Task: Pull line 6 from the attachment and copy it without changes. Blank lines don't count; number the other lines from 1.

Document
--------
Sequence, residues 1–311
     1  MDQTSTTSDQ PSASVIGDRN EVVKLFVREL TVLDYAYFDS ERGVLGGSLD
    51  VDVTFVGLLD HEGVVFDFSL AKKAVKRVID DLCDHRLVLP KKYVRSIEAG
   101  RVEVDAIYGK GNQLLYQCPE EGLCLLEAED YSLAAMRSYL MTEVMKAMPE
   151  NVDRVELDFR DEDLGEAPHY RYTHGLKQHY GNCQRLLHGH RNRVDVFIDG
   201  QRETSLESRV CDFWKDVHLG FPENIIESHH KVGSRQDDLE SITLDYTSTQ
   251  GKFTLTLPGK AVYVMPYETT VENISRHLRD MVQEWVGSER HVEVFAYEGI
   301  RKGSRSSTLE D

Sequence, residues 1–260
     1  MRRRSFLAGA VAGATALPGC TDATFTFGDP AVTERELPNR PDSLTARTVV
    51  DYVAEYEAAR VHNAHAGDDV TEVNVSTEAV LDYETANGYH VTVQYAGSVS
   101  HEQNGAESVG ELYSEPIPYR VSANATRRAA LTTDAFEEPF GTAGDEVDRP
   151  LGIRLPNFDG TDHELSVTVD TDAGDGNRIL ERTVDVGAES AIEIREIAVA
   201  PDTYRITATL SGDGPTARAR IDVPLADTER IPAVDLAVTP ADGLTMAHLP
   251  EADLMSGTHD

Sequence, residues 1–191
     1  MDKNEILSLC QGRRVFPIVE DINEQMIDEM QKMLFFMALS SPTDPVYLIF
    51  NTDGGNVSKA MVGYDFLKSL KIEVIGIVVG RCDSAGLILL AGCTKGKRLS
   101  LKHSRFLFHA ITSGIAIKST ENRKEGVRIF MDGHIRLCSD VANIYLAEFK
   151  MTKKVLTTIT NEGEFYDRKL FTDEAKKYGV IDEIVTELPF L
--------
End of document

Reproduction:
   201  QRETSLESRV CDFWKDVHLG FPENIIESHH KVGSRQDDLE SITLDYTSTQ